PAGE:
Social Security serves as a key source of income for millions of retirees, and while your individual benefits are determined based on what you earned during your career, the age at which you first file can affect those payments as well. Eligible seniors actually get an eight-year window that begins at age 62 and ends at age 70 (technically, you're not required to claim benefits at 70, but there's no financial incentive not to). Somewhere in the middle of that window is where you'll find your full retirement age, or FRA, which, depending on your year of birth, is 66, 67, or somewhere in between. Therefore, when we talk about filing for Social Security early, we mean taking benefits prior to reaching FRA.
You should know that the downside of filing for Social Security early is that you'll face a reduction in payments. The extent of that reduction will depend on how many years ahead of FRA you file, but if you're looking at an FRA of 67 and claim benefits at 62, you'll lose about 30% of what you're entitled to. That said, there are still several reasons it makes sense to get at that money sooner rather than later.
1. The future of Social Security is uncertain
You may have heard rumors that Social Security is headed for bankruptcy, but that's far from true. Because the program is funded heavily by payroll taxes, as long as we have a workforce, Social Security can continue to pay beneficiaries.
That said, the program's trust fund, which covers shortfalls when incoming tax revenue isn't enough to keep up with benefits, is expected to run dry as early as 2034. At that point, recipients will likely see their benefits slashed unless Congress steps in with a fix. Therefore, it pays to capitalize on your benefits as early as possible, while Social Security is still capable of paying them in full.
2. You can't predict how long you'll live
The interesting thing about Social Security is that it's designed to pay you the same lifetime benefit regardless of when you first file. The logic is that any reduction you face by claiming benefits early will be offset by a greater number of individual payments. That said, this formula assumes that you'll live an average life expectancy, but if you pass away sooner, you'll lose out on money you could've otherwise collected.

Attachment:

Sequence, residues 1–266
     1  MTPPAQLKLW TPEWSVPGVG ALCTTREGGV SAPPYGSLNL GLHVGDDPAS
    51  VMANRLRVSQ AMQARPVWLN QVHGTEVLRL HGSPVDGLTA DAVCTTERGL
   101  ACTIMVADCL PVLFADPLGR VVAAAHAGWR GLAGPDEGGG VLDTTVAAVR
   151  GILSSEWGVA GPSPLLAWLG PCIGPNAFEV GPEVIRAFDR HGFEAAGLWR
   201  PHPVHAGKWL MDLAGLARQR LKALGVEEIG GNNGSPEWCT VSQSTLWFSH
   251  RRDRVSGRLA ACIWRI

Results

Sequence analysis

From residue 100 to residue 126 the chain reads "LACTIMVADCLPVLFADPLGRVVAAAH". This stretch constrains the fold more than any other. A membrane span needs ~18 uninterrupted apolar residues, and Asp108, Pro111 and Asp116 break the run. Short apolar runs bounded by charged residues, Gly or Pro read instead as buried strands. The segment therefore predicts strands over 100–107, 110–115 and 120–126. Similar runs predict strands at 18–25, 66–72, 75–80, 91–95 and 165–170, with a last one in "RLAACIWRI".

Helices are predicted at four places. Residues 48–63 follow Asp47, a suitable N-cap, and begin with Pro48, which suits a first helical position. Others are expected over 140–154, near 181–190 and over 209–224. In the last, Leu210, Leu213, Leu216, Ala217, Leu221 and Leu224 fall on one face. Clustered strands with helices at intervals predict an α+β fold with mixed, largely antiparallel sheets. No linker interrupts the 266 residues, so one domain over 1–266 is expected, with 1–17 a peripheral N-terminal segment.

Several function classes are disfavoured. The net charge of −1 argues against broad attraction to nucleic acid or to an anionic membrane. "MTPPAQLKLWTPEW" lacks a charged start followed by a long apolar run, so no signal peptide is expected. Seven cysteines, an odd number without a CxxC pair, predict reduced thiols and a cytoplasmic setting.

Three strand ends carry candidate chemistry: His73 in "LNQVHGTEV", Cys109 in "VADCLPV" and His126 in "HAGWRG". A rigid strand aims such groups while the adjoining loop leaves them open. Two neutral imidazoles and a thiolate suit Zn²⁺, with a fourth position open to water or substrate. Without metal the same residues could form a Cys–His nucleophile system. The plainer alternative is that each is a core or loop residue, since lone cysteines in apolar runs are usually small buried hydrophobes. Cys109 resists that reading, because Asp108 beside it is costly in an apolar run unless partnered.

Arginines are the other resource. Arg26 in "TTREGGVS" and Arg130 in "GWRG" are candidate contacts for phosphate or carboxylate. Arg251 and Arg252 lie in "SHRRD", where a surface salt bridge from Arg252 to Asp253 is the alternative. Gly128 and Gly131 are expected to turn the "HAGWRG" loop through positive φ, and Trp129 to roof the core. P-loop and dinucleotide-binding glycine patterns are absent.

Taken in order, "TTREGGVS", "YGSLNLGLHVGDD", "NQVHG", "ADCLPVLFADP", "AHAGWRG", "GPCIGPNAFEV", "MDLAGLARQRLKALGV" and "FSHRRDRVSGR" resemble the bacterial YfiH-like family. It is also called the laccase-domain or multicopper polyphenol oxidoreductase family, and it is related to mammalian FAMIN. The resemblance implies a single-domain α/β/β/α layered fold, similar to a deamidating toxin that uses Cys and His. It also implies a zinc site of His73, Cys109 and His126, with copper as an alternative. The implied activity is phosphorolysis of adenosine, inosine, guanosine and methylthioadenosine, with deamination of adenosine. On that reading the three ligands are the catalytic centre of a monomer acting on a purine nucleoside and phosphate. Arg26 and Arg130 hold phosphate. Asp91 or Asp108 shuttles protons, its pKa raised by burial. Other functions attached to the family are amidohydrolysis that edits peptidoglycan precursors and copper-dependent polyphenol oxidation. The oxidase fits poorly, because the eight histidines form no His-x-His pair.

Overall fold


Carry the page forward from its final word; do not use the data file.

For example, say you're entitled to a $1,500 monthly benefit payment at an FRA of 67. Filing at 62 will lower that benefit to $1,050, but you'll collect 60 more payments. If you live until roughly 78 1/2, you'll wind up with the same total lifetime payout. But if you pass away at age 74, you'll end up about $25,000 ahead by filing early.
Of course, none of us can predict how long we'll live, but if you'd rather not take the chance, then it pays to claim benefits as soon as possible. This especially holds true if your health is poor by the time you reach 62.
3. You'll probably end up needing the money sooner
Maybe you have plans to work until FRA or beyond, and therefore don't expect to need your benefits prior to that point. Before you settle on that line of thinking, consider this: An estimated 60% of workers are forced to retire earlier than planned, and the reasons run the gamut from health issues to employer downsizing. Meanwhile, the median personal savings balance among baby boomers nearing retirement is a mere $17,000. What all of this means is that you might face a scenario where you don't have a steady income, and you need more money than your savings can provide. And it makes much more sense for that shortfall to be filled by Social Security than a credit card or personal loan, assuming you even qualify for one in the first place.
Of course, you'll hear plenty of arguments for filing for Social Security at full retirement age or later. In fact, my esteemed colleague Dan Caplinger makes a compelling one here.
If you read Dan's piece, you'll notice that his case for filing later hinges on certain assumptions: that you have the option to work until full retirement age, and that you have a family to consider. If you're single with no eligible survivors, then you only have to worry about yourself when claiming Social Security. Furthermore, Dan writes that it often makes sense to wait on benefits if you're married because there's a chance that at least one spouse will be working in the years leading up to full retirement age -- and if that's the case, it could trigger taxes on those benefits. But again, if you don't have a spouse, and you're no longer working, that's not something to concern yourself with.
While there are certainly some fair arguments for not jumping the gun on Social Security, there are also plenty of situations where it pays to get at that money as early as possible. The key is to consider your personal financial circumstances when making your decision.
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